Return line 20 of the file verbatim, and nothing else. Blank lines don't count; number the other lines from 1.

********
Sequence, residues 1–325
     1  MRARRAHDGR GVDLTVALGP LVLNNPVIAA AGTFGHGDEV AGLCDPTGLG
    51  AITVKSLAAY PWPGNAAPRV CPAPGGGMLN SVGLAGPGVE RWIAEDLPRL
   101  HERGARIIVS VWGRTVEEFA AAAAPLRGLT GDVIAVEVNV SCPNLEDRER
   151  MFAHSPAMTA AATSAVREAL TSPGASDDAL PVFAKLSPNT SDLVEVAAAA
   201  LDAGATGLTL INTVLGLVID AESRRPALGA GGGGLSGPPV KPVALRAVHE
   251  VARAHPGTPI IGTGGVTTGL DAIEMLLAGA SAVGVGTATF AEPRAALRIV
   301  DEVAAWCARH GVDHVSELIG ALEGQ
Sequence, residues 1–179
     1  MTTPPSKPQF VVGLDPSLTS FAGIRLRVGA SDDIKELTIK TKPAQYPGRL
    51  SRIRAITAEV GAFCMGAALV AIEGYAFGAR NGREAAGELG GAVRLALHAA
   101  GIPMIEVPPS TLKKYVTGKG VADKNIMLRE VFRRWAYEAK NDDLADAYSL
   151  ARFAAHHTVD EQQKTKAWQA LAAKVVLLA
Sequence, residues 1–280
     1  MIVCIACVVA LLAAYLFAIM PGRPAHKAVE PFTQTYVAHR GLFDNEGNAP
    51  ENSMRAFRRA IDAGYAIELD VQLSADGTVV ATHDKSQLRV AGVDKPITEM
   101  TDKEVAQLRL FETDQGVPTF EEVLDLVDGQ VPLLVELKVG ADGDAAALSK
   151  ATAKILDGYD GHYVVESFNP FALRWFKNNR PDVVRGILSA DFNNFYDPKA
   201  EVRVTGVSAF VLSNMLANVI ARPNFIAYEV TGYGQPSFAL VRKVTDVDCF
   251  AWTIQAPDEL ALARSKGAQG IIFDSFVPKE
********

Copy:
   251  AWTIQAPDEL ALARSKGAQG IIFDSFVPKE